Companies like to stay “on message,” repeating the same kinds of things over and over. They like to look the same wherever you find them. They avoid incongruence and disagreeableness. Redundancy is lauded as an exercise in brand building.
Interesting people, quite obviously, are the opposite of all these things.
As I’ve said before, this is probably a function of both nurture and nature for most companies. Decades of training from marketing types expert in the art of the big idea and a natural leaning to avoid risk rather than embrace it.
Secondarily, we know our rational brains are actually pretty irrational. Often our decisions are a product of emotions rationally explained in the aftermath rather than a step by step pre-purchase process.
Wine tastes better when it costs more. We may buy a t-shirt on sale today, but disrespect the company who sold it the next because of some perceived lack of worth. Blind taste tests provide better information for psychologists to ponder than an indication of what products will eventually sell.
Any brand is an amalgamation of every ad, every product experience, every passing mention, every in-life product placement. It’s everything a person has thought, consciously or not, right or wrong. And now there are more opportunities for people to stumble across you than you towards them.
So while big campaign ideas are still relevant for some objectives, a much more persuasive brand is such because of a series of smaller interactions, a brand formed by the sum of all the good feelings from a series of experiences, complemented by interesting narratives, not existing because of them.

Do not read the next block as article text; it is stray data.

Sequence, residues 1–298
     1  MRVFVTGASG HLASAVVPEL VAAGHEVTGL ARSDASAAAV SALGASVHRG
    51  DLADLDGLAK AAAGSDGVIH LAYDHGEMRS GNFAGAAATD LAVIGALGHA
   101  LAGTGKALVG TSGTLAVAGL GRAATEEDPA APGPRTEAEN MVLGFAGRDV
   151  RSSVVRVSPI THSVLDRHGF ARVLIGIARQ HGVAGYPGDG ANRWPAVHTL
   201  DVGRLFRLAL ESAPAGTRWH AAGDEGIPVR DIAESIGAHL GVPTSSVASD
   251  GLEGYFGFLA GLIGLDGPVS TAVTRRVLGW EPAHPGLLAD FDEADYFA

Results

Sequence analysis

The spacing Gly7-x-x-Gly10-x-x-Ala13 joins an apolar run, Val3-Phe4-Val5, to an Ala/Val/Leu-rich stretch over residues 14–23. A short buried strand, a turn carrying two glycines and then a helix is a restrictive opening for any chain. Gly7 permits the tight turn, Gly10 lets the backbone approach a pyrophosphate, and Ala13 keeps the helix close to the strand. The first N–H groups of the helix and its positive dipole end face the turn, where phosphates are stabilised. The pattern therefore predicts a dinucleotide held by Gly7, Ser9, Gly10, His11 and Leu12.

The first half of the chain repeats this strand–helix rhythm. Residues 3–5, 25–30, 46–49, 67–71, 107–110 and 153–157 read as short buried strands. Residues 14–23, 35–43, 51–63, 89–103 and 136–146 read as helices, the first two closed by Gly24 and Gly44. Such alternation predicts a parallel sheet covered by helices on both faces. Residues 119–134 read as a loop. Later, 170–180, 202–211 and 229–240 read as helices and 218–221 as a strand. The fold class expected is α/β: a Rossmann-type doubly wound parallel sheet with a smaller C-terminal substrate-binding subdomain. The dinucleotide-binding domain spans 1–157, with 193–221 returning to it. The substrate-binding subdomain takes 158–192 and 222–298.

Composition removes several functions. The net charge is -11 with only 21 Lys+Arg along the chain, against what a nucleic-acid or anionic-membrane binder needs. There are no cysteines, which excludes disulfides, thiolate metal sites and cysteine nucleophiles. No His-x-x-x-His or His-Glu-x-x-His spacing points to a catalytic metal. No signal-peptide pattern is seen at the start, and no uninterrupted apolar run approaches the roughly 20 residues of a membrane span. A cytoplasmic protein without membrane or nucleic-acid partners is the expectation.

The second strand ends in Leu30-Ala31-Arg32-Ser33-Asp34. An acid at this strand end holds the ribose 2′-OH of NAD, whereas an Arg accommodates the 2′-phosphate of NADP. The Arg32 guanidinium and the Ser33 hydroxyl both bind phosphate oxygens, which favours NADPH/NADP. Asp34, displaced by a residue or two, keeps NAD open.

This is our landscape. One in which word-of-mouth is the ultimate driver of purchase in a marketplace full of more inputs than have ever existed. One in which reasons for purchase are anything but rational, and most of the subconscious data has more room for disruption from our pre-packaged persuasions.
We can’t build influence in this space by yelling louder. We must be good listeners, engaging in reciprocal relationships and mindful of the needs of others. And to be talked about, we should do all these in ways that people find worthwhile enough to share. Yes, the sorts of things likable, interesting people might do.
In describing advertising today, Mark Crispin Miller said, “The most obvious metaphor is a room full of people, all screaming to be heard. What this really means, finally, is that advertising is asphyxiating itself.”
So instead of choking ourselves to death, the brands who simply choose to breathe will be the ones who win.
(photo via vw-busman)